2008 Sherwood Pinot Noir Marlborough

SKU #1048701

91 points Robert Parker's Wine Advocate: "The wonderful 2008 Sherwood Estate Pinot Noir has a lovely cranberry and raspberry leaf nose with superb definition. The palate is very well crafted with fine tannins, well judged acidity allowing the joyous fruit to really express themselves: raspberry, a touch of blueberry and dark cherry. Given the price, this is exceptional value and comes highly recommended. Bravo!" (09/09) 89 points Wine Spectator: "Bright and beautifully structured, with a spicy edge to the currant and bacon flavors, which linger nicely. Drink now through 2013." (03/10) The 2008 Sherwood Estate Pinot displays ripe, sweet plum notes with an edge of complexity on the nose. The palate is rich and round supported by fine grain tannins. An excellent match for most meat dishes. Produced from selected parcels of grapes grown at Sandy Creek vineyard and other sites in Marlborough, oak maturation for five months was followed by blending, fining and bottling.

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Price: $14.99
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Staff Image By: Patty Torrel | K&L Staff Member | Review Date: 11/30/2009 | Send Email
The 2008 Sherwood Pinot Noir has all the elements to be a real beauty. It possesses a dark yet vibrant ruby color, outstanding fruit purity, and although a bit young and primary at the moment it has some serious depth and delineation. On the nose are aromas of fresh dark cherry, raspberry and baked rhubarb with just a touch of spice. The palate has bright, tangy red fruit, a hint of dried flowers, fine-grain tannins, ample acidity and a persistent finish. Decant this one for 15 to 20 minutes and it will flesh out nicely showing some impressive fruit intensity. This is a terrific food wine.

Staff Image By: Jeff Garneau | K&L Staff Member | Review Date: 7/28/2009 | Send Email
New Zealand made a big splash on the international scene a few years back with their outstanding Sauvignon Blancs, and they are poised to do the same for Pinot Noir. This wine may very well be the best value in Pinot Noir in our entire inventory. The 2008 Sherwood is medium bodied and very much in the Burgundian style with a New World twist. Fans of Oregon Pinot Noir take note! Exotic fruits on the nose: pomegranate and orange zest. In the mouth, red fruits and spice: red plum and rhubarb and a hint of cinnamon. Perfectly paired with a range of dishes: New Zealand lamb with fresh thyme and lemon or plank smoked salmon.

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Pinot Noir

- One of France's most legendary grapes and the grape that earned Burgundy its reputation. The parent of varietals like Pinot Gris/Grigio and Pinot Blanc, Pinot Noir is blue to violet to indigo in color with relatively thin skins, and it is said to have been cultivated in France for more than 2,000 years. At its best, Pinot Noir creates elegant wines that are filled with primary red fruit aromas and flavors while young, revealing with an array of secondary characteristics like earth, smoke, violet, truffle and game with age. The varietal is also known, perhaps better than any, for its ability to translate terroir, or a sense of place. While the best Pinot Noir still comes from Burgundy, it is being produced with increasing success in cooler climates around the world. In France, it is part of the trifecta of grapes that can go into Champagne, and it is also grown in Alsace, Irancy, Jura, Savoie, Lorraine and Sancerre. Outside of France it is produced under the names Pinot Nero and Blauburgunder in Italy's mountainous regions, as Spätburgunder in Germany and as Blauburgunder in Austria. In the US, Pinot Noir has found suitable growing conditions in the cooler parts of California, including Carneros, the Russian River Valley, the Anderson Valley, the Sonoma Coast, Monterey County, the Santa Lucia Highlands and Santa Barbara County, as well as in Oregon's Willamette Valley. In recent years, New Zealand has demonstrated its ability to interpret this hard-to-grow varietal, with successful bottlings coming from careful and attentive growers in Central Otago, Martinborough and Canterbury. Chile is also an up-and-coming region for Pinot Noir, creating fresh, fruit-forward, early-drinking and affordable Pinots from the coastal Casablanca Valley and the Limari Valley.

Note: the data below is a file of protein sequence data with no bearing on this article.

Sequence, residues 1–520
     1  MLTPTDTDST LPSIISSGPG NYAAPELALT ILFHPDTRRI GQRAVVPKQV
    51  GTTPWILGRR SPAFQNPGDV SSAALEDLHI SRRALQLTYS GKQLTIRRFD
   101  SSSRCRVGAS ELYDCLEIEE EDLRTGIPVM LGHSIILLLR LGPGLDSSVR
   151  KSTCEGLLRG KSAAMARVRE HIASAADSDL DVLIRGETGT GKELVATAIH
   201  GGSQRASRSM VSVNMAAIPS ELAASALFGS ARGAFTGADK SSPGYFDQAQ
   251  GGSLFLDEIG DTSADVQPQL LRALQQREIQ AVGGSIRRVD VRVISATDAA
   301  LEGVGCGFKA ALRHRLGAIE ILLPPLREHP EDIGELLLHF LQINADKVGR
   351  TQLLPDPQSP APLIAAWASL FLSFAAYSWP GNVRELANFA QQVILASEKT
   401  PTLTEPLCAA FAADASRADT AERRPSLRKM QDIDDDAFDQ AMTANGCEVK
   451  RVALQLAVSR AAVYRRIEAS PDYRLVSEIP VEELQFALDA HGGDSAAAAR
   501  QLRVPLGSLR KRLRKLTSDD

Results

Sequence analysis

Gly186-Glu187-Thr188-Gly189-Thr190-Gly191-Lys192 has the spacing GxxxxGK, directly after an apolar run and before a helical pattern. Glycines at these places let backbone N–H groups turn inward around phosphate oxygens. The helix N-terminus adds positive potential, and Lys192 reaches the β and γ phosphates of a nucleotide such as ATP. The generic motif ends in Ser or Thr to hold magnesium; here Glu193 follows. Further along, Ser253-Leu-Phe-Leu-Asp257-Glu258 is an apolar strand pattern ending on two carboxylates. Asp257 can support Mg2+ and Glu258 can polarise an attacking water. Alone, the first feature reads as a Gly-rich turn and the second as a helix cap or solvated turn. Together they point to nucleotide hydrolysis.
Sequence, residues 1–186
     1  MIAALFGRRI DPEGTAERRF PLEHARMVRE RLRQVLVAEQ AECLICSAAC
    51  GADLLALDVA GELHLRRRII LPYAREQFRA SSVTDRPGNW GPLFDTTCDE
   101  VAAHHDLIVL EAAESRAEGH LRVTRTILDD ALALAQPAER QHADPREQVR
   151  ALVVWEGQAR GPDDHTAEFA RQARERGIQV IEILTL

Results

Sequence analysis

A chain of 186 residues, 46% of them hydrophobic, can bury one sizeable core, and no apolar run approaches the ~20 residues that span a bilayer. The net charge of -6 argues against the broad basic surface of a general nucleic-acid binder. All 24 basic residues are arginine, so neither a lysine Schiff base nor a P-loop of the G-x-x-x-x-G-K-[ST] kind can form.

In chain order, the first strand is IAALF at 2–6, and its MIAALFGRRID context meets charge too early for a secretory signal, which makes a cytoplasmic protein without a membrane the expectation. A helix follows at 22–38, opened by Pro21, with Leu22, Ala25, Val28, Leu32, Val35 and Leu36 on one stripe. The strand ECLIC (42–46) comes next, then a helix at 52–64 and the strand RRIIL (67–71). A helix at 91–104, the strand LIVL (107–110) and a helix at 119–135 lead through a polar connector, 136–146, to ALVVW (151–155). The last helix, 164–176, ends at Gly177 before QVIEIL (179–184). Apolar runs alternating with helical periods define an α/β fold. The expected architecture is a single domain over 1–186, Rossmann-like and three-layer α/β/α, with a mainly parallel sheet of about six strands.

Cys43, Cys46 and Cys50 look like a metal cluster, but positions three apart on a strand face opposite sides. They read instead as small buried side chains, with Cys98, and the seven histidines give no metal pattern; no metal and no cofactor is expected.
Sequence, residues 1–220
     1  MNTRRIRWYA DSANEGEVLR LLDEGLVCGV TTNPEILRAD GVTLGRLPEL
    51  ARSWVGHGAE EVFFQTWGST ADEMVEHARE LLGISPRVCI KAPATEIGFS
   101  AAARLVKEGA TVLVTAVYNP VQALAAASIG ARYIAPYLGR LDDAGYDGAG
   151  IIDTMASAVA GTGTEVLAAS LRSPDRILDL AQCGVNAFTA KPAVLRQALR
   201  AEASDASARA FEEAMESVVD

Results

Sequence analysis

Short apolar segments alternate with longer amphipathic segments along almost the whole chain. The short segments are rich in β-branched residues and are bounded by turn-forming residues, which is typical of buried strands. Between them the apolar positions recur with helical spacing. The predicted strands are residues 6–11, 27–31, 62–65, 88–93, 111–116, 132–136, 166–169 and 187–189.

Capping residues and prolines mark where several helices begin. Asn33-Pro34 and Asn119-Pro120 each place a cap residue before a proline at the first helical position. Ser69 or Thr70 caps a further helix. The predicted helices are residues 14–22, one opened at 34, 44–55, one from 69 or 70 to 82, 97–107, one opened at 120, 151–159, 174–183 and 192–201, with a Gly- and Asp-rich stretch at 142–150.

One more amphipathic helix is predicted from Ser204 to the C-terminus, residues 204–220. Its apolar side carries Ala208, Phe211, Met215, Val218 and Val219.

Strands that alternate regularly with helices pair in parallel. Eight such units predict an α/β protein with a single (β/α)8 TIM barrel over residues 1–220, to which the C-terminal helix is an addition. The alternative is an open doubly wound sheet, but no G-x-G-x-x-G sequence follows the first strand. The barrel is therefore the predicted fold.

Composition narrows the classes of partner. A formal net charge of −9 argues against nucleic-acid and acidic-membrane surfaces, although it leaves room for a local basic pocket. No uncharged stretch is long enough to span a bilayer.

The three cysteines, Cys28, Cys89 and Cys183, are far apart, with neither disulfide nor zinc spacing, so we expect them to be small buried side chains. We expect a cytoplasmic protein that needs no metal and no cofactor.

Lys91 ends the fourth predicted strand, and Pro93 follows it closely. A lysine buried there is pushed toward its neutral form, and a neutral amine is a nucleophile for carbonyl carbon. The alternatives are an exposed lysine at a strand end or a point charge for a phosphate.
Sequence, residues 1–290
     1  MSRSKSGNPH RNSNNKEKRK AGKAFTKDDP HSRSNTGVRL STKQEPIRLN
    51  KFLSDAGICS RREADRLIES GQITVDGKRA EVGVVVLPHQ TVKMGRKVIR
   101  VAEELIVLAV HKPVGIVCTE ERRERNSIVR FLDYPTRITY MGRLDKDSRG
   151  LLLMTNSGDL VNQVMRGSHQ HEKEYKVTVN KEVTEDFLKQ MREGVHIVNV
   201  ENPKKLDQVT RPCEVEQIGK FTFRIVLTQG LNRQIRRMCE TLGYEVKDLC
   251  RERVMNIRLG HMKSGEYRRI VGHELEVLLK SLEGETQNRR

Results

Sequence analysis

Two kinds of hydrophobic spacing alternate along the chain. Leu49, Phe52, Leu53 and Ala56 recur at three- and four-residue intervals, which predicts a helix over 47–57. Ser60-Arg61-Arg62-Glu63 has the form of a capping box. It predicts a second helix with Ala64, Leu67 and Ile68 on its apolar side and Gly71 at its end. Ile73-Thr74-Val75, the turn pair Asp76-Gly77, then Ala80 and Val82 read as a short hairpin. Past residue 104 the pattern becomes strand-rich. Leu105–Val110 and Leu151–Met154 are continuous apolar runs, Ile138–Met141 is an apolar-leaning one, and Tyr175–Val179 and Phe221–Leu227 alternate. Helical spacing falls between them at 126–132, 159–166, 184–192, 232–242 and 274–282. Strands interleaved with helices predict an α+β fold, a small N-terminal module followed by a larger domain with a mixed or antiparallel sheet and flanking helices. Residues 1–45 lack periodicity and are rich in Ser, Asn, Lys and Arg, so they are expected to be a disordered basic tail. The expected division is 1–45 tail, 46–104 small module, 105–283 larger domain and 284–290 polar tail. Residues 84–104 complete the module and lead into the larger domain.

New Zealand

- New Zealand is an extremely diverse wine-growing nation. The long history of producing wine started in the 1830s with wineries such as Mission Estate (1850) and Te Mata Estate (1896) still producing wine today. The two islands hold a multitude of different growing climates ranging from warmer areas such as Hawke’s Bay to very cool regions such as Waitaki, and Awatere. Most regions are defined as Maritime with the exception being Central Otago that has a moderate Continental climate with the high elevation creating dramatic diurnal swings in temperature. The plethora of grapes grown in New Zealand reflects this diverse microclimate make up. Everything has a place here, Bordeaux varietals and Syrah in Hawke’s Bay, Chardonnay and Pinot in Nelson, Pinot Noir and Riesling in Central Otago , aromatic whites in Waipara and pretty much everything you can imagine in Marlborough. New Zealand is also one of the “greenest” wine producing nations on earth (94% of wine certified sustainable in 2013) with a strong focus on organic and Biodynamic farming.
Alcohol Content (%): 12.5